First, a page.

CBN Puts Zenith, Access, UBA, Other Banks on High Alert Over $1bn Fake Currency Coming to Africa From Abroad

CBN Puts Zenith, Access, UBA, Other Banks on High Alert Over $1bn Fake Currency Coming to Africa From Abroad

  • The Central Bank of Nigeria has put commercial banks and other financial institutions on high alert over $1 billion fake currency meant for Africa
  • CBN's letter to financial institutions directs the banks to make searches about individuals involved in the counterfeiting
  • However, a video of a Nigerian man minting fake N1,000 notes has gone viral

The Central Bank of Nigeria (CBN) has launched a probe into an alleged $1 billion currency counterfeit deal involving a Nigerian and other nationals.

A memo dated August 23, 2023, marked confidential and addressed to commercial banks and other financial institutions, gives insight into the investigation.

CBN, $1 billion currency, Fake naira notes
Acting Central Bank of Nigeria Governor Folashodun Shonubi Credit: National Archives
Source: Facebook

CBN puts commercial banks on high alert over fake $1bn

The letter said the fake dollar is meant for the African market.

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The memo, signed by Chibuzo Efobi, the Director of the Financial Policy and Regulation Department, was titled Administrative Letter to Banks and Other Financial Institutions: Arrest of Nigerian and Four Nationals for Alleged Involvement in Currency Counterfeiting.

The Guardian reports that the financial institution's regulator said Turkish authorities made the arrests.

Nigerian man arrested alongside other nationals

According to the letter, the Turkish authorities arrested a Nigerian citizen and four other nationals for alleged involvement in currency counterfeiting to $1 billion bound for African countries.

The suspects are named Dele Bolade Samson with Nigerian and Swedish passports.

Others include Ghanaian Kean Kwasi Arhin, a Briton, and Netanel Kakob Weiss, as well as two Swedish nationals.

CBN said:

"Pursuant to Regulation 4 of the Central Bank of Nigeria (Anti-Money Laundering, Combating the Financing of Terrorism and Countering Proliferation Financing of Weapons of Mass Destruction in Financial Institutions) Regulations, 2022, financial institutions are required to take the following measures immediately:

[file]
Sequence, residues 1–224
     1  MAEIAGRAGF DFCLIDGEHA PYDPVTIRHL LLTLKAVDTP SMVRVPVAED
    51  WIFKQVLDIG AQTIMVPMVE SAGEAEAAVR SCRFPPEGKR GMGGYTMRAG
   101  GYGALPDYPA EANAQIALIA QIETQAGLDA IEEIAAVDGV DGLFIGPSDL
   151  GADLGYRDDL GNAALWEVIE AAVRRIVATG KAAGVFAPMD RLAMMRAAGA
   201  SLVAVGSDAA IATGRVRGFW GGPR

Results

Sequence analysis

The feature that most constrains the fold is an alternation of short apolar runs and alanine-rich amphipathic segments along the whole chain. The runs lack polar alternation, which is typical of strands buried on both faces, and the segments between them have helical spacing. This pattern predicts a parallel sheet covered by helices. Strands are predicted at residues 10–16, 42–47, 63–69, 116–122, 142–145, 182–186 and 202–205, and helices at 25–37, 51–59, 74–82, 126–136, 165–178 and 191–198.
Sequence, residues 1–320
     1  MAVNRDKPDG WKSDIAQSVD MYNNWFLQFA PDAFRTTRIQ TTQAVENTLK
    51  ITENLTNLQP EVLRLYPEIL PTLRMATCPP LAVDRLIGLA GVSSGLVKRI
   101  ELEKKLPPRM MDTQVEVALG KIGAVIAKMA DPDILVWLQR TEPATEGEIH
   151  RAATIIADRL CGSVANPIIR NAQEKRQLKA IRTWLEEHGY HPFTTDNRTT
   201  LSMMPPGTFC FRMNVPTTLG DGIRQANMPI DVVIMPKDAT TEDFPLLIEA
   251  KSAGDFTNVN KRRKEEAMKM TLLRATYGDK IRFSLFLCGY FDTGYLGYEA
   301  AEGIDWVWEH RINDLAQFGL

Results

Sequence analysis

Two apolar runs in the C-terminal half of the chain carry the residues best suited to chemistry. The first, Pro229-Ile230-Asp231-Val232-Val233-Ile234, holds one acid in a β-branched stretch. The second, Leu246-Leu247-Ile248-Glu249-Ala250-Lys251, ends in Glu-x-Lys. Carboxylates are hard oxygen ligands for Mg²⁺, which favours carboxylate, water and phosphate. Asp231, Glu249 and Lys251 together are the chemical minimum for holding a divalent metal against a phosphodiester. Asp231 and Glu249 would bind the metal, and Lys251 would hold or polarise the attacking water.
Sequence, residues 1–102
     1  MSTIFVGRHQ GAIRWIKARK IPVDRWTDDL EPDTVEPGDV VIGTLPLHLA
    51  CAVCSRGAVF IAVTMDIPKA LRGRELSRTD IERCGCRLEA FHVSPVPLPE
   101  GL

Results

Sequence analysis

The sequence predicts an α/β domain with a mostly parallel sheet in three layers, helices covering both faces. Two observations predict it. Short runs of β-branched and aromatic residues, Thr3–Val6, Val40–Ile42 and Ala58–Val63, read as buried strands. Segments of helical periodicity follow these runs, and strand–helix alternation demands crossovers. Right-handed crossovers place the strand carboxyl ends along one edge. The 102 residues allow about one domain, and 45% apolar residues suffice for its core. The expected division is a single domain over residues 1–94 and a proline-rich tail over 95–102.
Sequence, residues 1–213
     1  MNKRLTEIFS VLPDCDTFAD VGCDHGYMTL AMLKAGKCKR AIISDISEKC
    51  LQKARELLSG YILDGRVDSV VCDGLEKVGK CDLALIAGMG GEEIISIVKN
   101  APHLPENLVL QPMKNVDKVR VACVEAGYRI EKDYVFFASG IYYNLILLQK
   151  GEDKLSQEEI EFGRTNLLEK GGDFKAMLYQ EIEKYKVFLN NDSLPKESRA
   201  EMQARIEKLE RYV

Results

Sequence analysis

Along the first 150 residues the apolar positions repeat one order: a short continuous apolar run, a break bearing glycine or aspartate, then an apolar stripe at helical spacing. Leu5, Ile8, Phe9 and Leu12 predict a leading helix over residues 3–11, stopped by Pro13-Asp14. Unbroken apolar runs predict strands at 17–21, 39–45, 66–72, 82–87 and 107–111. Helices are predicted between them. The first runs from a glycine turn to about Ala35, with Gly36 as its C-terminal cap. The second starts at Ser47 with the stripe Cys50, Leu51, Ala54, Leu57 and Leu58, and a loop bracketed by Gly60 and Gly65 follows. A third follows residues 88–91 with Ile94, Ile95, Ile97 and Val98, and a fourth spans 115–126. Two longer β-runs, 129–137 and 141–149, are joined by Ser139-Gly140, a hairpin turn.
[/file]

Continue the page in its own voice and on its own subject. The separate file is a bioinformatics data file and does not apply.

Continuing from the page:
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Conduct searches of their database to determine whether there is any information about the above individuals; check whether they maintain any accounts or hold any funds or economic resources for the persons mentioned above; identify and file suspicious transaction reports to the Nigerian Financial Intelligence Unit (NFIU) and render NIL report to the NFIU where no such records exist."

Video of man printing fake naira notes causes stir

Meanwhile, a video of a Nigerian man printing counterfeit N1,000 notes has gone viral on social media.

The man displayed how users could print the fake notes using a plasma card and a piece of equipment from which he prints the counterfeit notes.

The video, first posted on TikTok, has since gone viral and got Nigerians talking.

It has also accumulated thousands of comments and reactions on the social media platform.

CBN's Director of Communications, Isa AbdulMunmmin, could not be reached for comments.

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Naira redesign: How to differentiate fake naira notes from genuine one

Legit.ng reported that Since the Central Bank of Nigeria released the new naira notes into circulation, there have been complaints of fake notes that circulated the system, resulting in grave concerns.

However, according to the Central Bank of Nigeria, the Naira banknotes are protected by several security features to recognise genuine notes easily. The distinguishing features that can be identified by touch and visibility are the raised print, the security thread and the watermark. The portrait, lettering and the denominational numerals on the obverse and reverse of the notes are embossed.

To save Nigerians from being defrauded by counterfeiters, Legit.ng has put together several ways to identify a counterfeited banknote.

Source: Legit.ng

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